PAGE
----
I can’t take it. I just cannot take it!
Why does every critically acclaimed book that I read start with backstory? Pages and pages of backstory!
I’m finally reading Gone Girl and the first four pages have been spent reminiscing and setting up the characters. I recently read The Tiger’s Wife, and the beginning (like most of the book) focused on the past.
Don’t misunderstand me. I loved The Tiger’s Wife. I’m enjoying Gone Girl. I have no problem with well-done backstory. I’d be glad to follow suit and include some in my opening scenes, except that writers are told to avoid doing so at all costs.
I’m sure there are several answers. First, there is a fine line between well-done and over-done backstory, and I bet that most authors have no idea where that line is. Second is that phenomenon where well-published authors can do whatever the heck they want while the rest of us have to play by the rules.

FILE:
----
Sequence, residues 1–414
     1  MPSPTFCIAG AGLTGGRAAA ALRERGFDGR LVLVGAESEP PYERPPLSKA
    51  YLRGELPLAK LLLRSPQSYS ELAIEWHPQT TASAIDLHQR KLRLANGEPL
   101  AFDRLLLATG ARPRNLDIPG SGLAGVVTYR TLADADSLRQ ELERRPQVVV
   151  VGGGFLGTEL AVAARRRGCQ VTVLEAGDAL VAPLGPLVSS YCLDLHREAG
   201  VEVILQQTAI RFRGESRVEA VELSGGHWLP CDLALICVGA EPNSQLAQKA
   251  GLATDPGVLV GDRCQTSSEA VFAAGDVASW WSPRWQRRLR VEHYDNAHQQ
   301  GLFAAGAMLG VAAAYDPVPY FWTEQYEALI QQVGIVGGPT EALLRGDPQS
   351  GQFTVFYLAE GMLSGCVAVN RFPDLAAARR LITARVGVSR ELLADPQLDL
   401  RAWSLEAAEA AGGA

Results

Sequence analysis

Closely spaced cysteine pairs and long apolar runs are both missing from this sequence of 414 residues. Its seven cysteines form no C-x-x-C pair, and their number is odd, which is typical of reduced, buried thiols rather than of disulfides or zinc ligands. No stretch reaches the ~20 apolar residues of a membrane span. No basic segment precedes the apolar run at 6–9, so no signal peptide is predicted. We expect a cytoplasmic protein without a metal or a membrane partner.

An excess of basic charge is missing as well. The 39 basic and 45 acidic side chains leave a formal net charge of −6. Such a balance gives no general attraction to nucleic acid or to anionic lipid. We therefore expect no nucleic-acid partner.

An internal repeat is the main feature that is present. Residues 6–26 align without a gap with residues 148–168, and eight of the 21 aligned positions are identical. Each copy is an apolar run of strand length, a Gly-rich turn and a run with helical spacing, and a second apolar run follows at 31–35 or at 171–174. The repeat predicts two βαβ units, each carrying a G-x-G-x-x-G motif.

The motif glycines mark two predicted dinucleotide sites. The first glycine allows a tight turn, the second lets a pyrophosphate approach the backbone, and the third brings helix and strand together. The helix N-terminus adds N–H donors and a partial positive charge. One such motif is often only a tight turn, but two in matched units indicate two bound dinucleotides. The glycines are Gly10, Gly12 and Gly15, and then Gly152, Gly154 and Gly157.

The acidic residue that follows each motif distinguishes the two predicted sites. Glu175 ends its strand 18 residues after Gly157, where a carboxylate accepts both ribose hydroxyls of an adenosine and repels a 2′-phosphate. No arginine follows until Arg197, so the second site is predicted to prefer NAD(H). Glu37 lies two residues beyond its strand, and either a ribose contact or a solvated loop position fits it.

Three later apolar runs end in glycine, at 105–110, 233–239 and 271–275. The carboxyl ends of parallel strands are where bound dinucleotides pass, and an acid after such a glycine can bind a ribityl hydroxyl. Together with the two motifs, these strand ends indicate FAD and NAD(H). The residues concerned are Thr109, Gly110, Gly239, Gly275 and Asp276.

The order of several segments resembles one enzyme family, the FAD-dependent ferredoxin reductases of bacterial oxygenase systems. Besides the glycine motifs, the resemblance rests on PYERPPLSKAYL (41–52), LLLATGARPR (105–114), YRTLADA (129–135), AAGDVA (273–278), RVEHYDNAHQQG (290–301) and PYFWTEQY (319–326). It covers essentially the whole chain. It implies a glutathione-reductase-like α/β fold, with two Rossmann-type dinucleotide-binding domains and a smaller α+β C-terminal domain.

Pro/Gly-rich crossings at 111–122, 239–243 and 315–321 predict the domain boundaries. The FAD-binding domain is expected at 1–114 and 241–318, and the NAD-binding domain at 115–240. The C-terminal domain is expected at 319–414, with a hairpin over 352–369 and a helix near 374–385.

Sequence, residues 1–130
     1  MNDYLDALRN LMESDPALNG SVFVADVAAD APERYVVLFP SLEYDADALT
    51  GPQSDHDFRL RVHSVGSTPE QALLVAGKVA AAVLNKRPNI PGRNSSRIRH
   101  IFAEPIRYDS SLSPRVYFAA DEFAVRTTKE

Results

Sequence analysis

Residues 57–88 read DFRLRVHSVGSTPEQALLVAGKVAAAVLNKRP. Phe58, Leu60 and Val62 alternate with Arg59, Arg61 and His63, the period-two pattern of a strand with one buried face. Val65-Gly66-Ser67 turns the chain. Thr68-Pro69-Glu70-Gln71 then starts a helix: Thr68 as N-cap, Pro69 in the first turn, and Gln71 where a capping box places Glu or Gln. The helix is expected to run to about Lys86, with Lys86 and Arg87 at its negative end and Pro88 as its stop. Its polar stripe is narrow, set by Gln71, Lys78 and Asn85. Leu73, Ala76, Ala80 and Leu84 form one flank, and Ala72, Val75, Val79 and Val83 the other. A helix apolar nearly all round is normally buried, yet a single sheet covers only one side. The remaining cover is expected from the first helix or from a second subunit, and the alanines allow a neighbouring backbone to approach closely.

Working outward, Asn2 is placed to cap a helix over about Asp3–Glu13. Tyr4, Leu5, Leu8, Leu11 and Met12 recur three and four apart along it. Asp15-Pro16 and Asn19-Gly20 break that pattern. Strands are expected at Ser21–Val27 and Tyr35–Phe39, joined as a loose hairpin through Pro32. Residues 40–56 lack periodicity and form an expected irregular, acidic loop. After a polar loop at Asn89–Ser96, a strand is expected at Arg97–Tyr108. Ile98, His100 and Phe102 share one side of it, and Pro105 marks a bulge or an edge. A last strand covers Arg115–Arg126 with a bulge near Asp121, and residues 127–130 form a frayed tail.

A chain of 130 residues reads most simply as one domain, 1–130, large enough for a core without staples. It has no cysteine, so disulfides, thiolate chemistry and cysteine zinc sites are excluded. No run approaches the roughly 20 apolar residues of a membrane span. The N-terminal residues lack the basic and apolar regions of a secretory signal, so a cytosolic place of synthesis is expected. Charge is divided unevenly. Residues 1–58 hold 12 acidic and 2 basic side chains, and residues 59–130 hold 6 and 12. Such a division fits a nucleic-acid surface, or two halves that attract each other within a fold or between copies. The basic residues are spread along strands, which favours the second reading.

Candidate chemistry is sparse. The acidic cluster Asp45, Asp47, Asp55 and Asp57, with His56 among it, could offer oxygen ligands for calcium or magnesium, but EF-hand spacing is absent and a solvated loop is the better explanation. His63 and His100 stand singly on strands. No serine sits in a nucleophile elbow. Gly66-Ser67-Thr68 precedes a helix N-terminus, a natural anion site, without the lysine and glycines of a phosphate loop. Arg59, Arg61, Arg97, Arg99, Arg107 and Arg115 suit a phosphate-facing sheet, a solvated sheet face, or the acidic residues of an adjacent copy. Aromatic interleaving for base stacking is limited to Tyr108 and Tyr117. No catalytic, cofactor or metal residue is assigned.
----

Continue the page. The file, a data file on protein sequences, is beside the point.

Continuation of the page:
But for the love of God, help us out, Gillian Flynn! Lend a hand, Tea Obreht – and all of you other rule-breaking golden children. Will someone high up please stop it with the backstory and give us newbies examples that we’re actually allowed to follow?